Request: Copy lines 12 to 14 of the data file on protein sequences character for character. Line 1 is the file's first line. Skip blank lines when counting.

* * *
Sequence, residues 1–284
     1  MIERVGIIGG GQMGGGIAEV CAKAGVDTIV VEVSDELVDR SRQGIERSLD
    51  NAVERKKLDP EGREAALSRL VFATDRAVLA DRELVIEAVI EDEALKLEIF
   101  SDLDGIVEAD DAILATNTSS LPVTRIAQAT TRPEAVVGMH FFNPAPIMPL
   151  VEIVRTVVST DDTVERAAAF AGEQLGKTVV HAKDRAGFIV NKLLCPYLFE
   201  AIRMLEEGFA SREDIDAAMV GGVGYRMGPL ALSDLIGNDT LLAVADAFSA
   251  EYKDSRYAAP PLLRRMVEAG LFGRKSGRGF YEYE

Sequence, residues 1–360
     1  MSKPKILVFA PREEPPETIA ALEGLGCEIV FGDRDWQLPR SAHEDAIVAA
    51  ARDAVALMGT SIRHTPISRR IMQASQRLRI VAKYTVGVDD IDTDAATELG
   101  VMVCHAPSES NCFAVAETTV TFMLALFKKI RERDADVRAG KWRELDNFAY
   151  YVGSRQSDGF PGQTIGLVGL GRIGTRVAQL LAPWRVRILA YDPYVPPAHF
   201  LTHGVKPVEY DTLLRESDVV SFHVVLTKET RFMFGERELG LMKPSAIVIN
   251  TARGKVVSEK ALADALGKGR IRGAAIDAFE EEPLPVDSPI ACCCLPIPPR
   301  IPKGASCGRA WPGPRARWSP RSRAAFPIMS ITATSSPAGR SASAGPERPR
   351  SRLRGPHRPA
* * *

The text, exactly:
   151  YVGSRQSDGF PGQTIGLVGL GRIGTRVAQL LAPWRVRILA YDPYVPPAHF
   201  LTHGVKPVEY DTLLRESDVV SFHVVLTKET RFMFGERELG LMKPSAIVIN
   251  TARGKVVSEK ALADALGKGR IRGAAIDAFE EEPLPVDSPI ACCCLPIPPR